A note on terminology: As the concept of the ACF has been developed and refined, multiple terms have evolved to describe this basic concept. Some of these terms include: alternative care facilities (or sites), acute care centers, alternate treatment facilities, alternate medical treatment sites, alternate treatment centers, alternate care centers, and temporary alternative health care facilities. Unless otherwise noted, the concepts discussed here apply to all of these different terms. Basically, ACF encompasses all non-hospital-based locations where organized non-ambulatory or ambulatory care can be provided at a time of markedly increased need during a naturally occurring or man-made disaster.

* Many of the concepts presented here are enhancements of work originally presented in: Cantrill SV, Bonnett C, Hanfling D, Pons R. Alternative Care Sites in Mass Medical Care with Scarce Resources: A Community Planning Guide. AHRQ Publication No. 07-0001. Rockville, MD, Agency for Healthcare Research and Quality, February 2007. Accessed August 12, 2009, and in:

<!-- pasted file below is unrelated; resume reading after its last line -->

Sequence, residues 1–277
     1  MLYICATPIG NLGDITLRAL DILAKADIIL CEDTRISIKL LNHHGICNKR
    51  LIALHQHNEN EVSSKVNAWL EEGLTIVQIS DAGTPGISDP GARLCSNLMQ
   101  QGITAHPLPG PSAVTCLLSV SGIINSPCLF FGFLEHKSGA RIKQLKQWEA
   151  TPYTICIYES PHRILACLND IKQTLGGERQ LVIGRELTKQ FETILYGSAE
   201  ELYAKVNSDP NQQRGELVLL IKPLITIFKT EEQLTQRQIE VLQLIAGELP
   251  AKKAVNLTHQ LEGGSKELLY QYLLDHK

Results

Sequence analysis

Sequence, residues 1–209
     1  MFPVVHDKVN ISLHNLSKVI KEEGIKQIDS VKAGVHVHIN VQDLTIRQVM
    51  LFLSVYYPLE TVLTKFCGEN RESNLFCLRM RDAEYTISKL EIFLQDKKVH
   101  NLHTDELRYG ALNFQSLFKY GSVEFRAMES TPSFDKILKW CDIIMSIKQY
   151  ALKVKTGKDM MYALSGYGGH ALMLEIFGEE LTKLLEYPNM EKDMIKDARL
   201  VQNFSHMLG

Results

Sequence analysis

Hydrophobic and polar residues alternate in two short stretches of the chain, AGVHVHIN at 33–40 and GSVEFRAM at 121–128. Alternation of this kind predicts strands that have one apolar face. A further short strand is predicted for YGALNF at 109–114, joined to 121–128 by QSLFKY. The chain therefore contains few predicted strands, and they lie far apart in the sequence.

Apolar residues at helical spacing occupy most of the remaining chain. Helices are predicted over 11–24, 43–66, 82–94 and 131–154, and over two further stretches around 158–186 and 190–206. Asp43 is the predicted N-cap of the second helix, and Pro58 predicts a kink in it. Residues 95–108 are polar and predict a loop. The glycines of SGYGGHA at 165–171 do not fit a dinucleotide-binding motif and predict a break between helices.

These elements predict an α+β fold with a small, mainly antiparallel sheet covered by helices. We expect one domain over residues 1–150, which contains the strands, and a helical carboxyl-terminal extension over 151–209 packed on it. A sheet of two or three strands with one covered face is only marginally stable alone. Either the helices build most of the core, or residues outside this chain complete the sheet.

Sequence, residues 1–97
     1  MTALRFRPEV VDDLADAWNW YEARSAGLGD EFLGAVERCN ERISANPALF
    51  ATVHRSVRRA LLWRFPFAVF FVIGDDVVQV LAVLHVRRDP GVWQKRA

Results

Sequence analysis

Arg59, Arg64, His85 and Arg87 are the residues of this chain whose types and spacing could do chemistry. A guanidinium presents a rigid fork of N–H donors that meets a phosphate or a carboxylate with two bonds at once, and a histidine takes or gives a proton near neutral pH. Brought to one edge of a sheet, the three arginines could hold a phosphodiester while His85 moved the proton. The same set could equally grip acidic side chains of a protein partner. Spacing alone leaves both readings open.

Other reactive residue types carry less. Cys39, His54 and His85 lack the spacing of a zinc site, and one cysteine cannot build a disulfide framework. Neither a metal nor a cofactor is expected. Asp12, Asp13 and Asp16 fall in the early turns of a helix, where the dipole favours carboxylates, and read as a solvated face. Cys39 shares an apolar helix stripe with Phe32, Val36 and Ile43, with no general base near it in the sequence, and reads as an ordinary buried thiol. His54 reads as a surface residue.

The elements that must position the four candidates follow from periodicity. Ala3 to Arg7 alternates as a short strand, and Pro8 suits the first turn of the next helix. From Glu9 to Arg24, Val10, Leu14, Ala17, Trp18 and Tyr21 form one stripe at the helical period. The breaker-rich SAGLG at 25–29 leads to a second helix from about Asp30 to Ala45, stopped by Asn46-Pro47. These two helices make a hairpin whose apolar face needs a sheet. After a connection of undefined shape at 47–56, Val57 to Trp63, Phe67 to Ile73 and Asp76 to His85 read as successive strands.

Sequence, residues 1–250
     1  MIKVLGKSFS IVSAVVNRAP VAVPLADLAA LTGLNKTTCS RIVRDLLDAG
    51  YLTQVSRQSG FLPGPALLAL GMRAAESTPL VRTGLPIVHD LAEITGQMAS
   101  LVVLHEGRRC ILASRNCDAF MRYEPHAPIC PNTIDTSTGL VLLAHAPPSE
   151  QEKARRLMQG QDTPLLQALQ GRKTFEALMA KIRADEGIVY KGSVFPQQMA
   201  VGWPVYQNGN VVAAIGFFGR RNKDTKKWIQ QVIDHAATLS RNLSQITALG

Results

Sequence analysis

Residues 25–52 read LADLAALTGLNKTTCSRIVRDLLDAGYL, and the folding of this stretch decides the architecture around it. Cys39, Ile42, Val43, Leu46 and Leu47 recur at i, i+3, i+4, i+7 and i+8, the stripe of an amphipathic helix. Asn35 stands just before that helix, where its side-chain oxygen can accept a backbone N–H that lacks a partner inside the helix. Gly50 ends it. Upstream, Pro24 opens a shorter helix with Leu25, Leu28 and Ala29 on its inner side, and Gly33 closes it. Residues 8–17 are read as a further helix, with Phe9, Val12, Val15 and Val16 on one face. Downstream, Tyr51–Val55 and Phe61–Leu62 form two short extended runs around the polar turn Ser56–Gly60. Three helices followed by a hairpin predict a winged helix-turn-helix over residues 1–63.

Cantrill SV, Eisert SL, Pons PT, et al. Rocky Mountain Regional Care Model for Bioterrorist Events: Locate Alternate Care Sites During an Emergency. AHRQ Publication No. 04-0075. Rockville, MD: Agency for Healthcare Research and Quality, August 2004. Available at Accessed August 12, 2009.

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Section Reference

1. Trabert E, Giovachino M, et al: After Action Review of Federal Medical Station (FMS) Operations During Hurricanes Katrina and Rita, Department of Health and Human Services, 2006.
2. Church J. A Mass Casualty Care Strategy for Biological Terror Incidents: Neighborhood Emergency Help Center. SBCCOM Dept. of Army. May 2001. Exit Disclaimer (accessed October 19, 2009).